The second day was much better, or so I'm told. Unfortunately I wasn't there, for reasons I won't go into.

But the trip wasn't a complete loss for photos. When we arrived at the tip of the tip, I was thrilled to see a number of Red-Breasted Mergansers, males and females, swimming close to shore. My group was eager to move on and find a rumored Tufted Titmouse, but I see all the titmice I need when I visit my folks in Virginia, and I don't see nearly enough of this unusual, charismatic duck--especially the drake in his full nuptial plumage. So I lingered behind, missed the titmouse, and got some photos of the nearest drake as he showed off for the ladies.

I also think this early-morning Barn Swallow came out rather well. A whole colony of these swallows breed in an open shelter near the tram stop, building their mud nests on ledges beneath the ceiling. They are completely habituated to humans, whizzing back and forth to and from their nests right over our heads.

Gathering nest-building material.

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Our disaster, their wonderland

I went birding at Mud Lake on Wednesday the 10th. It was like no visit to Mud Lake ever before, and probably none hence. (For those of you in Ottawa, you maybe heard in the news about "flooding in Britannia"? Yeah. Britannia is where Mud Lake is.) I felt quite confident heading down the trail with a pair of knee-high rubber boots on. But even thus equipped I was unable to complete the loop.

The pond (connected with the swollen Ottawa River) had simply taken over. For large swathes of the trail, there was no trail. There were ducks paddling and fish swimming where there had once been a trail. And the Rusties, oh my god, the Rusties. Rusty Blackbirds, as I mentioned in my last post, are a species of icterids who love foraging on flooded ground. The rich brown coloration that gives them their name is only seen in fall and winter. By this time of year, females are charcoal and males are glossy black, with striking pale eyes, like miniature short-tailed grackles. In good light they show a steel-blue sheen. They are largely birds of the boreal forest and muskeg, breeding north of us, and their population is in decline. Normally if I see a few of them in a year I'm happy.

Mud Lake was dripping with Rusty Blackbirds, far, far more than I'd ever heard or seen. To them it was a wonderland. Anywhere there was water where there shouldn't be, there they were, strutting along the margins of the flood or perching over it, and filling the air with their odd, stuttery, gurgling songs. As I splashed my way down the "trail" I could see the flocks retreating before me--but now and then a straggler granted me a photo op. I was in heaven seeing, hearing and photographing so much of a bird that is usually elusive to me.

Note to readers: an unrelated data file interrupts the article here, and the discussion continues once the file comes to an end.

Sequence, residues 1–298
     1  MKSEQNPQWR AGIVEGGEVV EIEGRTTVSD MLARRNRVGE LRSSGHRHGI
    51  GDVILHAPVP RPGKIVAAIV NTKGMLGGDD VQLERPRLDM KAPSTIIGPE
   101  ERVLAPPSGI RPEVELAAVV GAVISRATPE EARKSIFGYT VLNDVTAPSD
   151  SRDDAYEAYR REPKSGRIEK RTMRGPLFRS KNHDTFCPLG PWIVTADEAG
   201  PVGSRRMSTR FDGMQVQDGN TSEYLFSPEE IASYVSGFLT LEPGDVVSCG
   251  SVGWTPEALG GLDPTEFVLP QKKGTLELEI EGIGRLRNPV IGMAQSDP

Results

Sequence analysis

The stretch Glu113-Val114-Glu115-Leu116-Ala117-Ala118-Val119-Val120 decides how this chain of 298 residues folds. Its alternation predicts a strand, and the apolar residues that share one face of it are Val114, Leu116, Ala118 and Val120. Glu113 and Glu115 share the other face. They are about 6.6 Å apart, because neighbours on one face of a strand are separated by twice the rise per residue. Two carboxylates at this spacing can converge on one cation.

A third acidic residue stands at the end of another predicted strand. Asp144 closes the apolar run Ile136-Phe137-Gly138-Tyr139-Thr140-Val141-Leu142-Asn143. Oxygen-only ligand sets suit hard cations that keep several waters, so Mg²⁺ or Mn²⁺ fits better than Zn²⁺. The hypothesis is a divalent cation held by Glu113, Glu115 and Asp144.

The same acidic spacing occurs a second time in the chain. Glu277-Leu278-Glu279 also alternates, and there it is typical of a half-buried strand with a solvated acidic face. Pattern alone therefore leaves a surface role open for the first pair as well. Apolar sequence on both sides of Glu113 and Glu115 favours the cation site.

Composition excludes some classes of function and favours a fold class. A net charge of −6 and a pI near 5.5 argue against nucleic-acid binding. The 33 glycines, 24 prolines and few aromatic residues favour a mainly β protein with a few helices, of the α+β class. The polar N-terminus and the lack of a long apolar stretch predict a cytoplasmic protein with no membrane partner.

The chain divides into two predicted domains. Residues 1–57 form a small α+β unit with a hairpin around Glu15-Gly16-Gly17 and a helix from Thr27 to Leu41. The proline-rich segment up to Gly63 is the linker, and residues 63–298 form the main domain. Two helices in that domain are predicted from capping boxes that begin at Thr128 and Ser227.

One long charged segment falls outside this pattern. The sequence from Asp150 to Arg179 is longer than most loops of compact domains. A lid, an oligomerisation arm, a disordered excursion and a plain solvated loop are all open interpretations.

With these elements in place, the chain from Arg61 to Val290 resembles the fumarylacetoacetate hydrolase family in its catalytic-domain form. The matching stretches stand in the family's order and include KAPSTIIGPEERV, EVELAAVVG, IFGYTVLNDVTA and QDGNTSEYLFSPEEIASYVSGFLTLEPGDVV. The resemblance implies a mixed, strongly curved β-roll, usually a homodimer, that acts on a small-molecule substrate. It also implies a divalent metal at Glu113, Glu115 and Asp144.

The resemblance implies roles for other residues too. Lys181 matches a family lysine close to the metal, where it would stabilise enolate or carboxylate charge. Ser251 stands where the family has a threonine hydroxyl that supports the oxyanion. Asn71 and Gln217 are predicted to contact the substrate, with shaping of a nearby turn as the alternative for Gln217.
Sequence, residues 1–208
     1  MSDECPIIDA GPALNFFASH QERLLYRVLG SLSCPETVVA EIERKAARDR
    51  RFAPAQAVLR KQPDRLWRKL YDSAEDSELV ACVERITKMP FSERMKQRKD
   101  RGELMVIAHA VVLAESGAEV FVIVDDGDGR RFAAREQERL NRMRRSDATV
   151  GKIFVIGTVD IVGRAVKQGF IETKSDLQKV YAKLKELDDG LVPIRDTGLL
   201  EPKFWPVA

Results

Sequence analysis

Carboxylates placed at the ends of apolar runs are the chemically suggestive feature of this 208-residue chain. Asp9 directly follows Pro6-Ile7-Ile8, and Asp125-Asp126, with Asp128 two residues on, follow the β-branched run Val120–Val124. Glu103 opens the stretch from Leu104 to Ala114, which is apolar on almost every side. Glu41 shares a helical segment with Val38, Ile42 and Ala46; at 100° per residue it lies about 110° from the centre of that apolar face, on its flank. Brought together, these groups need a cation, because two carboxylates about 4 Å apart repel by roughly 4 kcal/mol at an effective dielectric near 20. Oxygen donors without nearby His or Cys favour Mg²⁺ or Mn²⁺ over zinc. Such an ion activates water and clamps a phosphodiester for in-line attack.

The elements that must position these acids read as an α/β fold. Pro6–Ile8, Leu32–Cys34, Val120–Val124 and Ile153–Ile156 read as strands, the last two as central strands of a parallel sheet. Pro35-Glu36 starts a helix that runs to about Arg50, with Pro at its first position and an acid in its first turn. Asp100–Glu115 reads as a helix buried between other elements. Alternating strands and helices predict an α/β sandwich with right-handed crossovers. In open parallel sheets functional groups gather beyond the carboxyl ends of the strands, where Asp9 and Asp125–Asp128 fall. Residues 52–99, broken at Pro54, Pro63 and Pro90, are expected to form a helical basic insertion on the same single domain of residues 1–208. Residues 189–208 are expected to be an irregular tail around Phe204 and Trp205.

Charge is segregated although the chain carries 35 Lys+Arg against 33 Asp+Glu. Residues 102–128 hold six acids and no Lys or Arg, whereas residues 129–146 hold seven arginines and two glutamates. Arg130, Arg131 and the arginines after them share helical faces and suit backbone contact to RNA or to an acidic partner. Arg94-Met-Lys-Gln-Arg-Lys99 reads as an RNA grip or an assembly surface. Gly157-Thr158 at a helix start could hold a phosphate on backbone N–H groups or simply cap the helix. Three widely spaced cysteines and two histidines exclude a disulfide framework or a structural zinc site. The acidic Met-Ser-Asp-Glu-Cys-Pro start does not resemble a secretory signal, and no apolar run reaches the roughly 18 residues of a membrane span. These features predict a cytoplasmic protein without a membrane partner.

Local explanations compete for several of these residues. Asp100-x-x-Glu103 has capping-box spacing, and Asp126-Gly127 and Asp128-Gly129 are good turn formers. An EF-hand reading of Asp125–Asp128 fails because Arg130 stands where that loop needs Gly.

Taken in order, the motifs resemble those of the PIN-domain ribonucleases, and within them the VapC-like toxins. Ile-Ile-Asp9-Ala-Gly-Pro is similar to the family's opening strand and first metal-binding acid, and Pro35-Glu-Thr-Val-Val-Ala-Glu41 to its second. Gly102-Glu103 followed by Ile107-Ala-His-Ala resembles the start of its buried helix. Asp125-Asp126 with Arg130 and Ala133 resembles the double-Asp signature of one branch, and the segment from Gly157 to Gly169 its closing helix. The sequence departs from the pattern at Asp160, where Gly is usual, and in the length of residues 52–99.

That was a trail once.

The west entrance to the ridge.

Another sign that we're not in Kansas anymore: a mated pair of Greater Scaup on Mud Lake. These are diving ducks who prefer fairly deep water. They show up mainly on large rivers (like the Ottawa) in migration, and breed on large lakes--actual lakes, which "Mud Lake" isn't. But in its flooded state, it must have looked like decent habitat to them!

( Continue (Rusties galore, a couple of warblers, trout lilies and more!) )

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Of floods and falcons and other spring adventures

It's been a weird, wet, interesting spring.

In early April I made the traditional Ottawa birder's trek out to Cobb's Creek floodplain, near Bourget. Each spring Cobb's Creek floods and turns the surrounding fields into a shallow lake, attracting migrant waterfowl. I went twice, first solo and a few days later with Mike. On my solo trip I found the water mostly iced over, although that didn't dissuade the tens of thousands of Snow Geese! Few ducks to be seen, though.

I decided to go hiking down the old railbed trail. Not far down I found a long-tailed, light gray bird, singing away. Its song was a rather random-sounding series of phrases, some repeated. Well, I figured I knew what that had to be: my first Ontario mockingbird! I see mockingbirds galore whenever I visit my parents in the southern states, but it was still exciting to see one close to home, where they are quite rare.

But then I twigged to something...what was with that dark streak through the eye? Mockingbird doesn't have that. Then the "mockingbird" flew and alit on another tree in much better lighting, flicking its tail, and my mistake became clear. Black mask, hooked bill, faintly barred breast: not a mockingbird but a Northern Shrike. Though this was not an Ontario first, it was just as exciting, simply because I'd never found a shrike singing before. Shrikes are oddities of evolution, carnivorous songbirds that actually catch and eat other birds (and rodents.) Lacking sharp talons to hold onto their prey, they have developed the grisly habit of impaling it on barbed wire or a thorny branch. Chickadees dread them. It seemed so surreal for this fierce raptor (well, pseudo-raptor) to be singing cheerily!